I had just passed Junction 19 when I heard a noise. It was a metallic clanking sound, and the shaft was beginning to shake with each noise. I froze in place, frantically trying to turn around and see what it was. I couldn’t see anything in the darkness, with only small red lights to illuminate the shaft behind me. I could not make out any forms or shapes in the black, but I thought a few of the blinking lights were moving closer. The shaking grew more and more prominent, and only when it was all around me did I realise; it was the remaining crewmen, walking on the floor immediately above me. Their feet trod heavily on the floor above, and I held my breath; they probably could not hear me breathing, but I was fearful they might discover me. I remained there in the shaft, lying motionless and prone, until I was sure they had gone, and I continued on my long crawl.

It must have been two or three hours of crawling my way through the shafts until I eventually reached the bridge. I kept poking my head out through access point and hatches to check on my location, until I emerged on the bridge. It was eerily empty in the central nexus of the Endeavour without her crew manning the consoles. A klaxon was still sounding in the room, and the lights were a dull orange rather than their usual dazzling white. The machines still blinked and beeped merrily despite the missing personnel. As I tentatively emerged from the tight space I had just become accustomed to, I could see that they had not yet thoroughly washed the blood off of the floor as flecks of red could still be seen around the captain’s chair and the helm. I felt far too open and exposed stood there in the surprisingly spacious room, and I carefully made my way towards one of the consoles.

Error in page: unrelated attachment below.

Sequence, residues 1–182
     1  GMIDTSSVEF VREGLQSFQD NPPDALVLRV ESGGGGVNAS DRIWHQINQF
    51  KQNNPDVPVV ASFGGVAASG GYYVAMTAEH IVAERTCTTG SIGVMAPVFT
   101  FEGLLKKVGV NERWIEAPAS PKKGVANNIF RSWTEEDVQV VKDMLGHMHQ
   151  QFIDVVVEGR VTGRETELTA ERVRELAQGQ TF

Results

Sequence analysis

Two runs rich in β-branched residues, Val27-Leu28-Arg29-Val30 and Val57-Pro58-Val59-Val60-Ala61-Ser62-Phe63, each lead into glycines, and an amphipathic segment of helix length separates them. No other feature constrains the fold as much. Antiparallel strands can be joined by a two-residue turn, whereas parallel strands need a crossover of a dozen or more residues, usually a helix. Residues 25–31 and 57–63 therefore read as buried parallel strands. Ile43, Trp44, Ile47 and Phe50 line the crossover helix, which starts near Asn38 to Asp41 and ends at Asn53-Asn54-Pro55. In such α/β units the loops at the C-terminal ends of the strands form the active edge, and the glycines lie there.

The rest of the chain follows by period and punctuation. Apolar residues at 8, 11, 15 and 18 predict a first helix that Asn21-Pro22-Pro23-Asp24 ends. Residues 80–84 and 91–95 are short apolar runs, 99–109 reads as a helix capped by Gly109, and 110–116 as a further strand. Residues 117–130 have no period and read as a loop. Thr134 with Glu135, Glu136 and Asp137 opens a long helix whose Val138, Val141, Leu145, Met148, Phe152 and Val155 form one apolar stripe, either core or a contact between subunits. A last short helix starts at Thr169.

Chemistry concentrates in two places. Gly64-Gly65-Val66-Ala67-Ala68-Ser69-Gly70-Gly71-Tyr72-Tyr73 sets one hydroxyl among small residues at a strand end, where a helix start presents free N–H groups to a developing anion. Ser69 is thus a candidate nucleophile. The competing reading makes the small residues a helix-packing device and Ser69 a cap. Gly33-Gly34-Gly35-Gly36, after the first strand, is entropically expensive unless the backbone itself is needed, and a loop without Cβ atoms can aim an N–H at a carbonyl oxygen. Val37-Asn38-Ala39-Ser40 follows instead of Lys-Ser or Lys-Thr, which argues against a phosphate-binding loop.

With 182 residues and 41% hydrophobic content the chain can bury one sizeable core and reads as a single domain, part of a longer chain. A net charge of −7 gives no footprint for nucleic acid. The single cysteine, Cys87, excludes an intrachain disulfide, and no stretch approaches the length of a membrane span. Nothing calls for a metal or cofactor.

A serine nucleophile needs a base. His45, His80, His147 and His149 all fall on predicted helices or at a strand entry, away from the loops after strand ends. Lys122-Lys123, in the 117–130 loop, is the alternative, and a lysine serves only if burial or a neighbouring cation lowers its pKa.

The Endeavour had established an automatic orbit around the moon of Lyrae 438b. It would stay that way for as long as it still had power to correct its course, after which the ship would inevitably start to slowly spiral into a decaying orbit. It would never get to that point, of course; I’d be manoeuvring it out of orbit soon enough, and setting a course for Earth. Even with the Alcubierre drive at maximum, it would take nearly ten years to return to Earth, and I would have to be sure I awoke from cryosleep before entering the solar system, otherwise I may end up missing the planet altogether. I tapped at the console’s screen, but it didn’t respond. Lock-down was still in effect, sealing all terminals until unlocked. I sat at the security console and - using the keycard from the guard positioned at my door - I deactivated the lock-down protocols.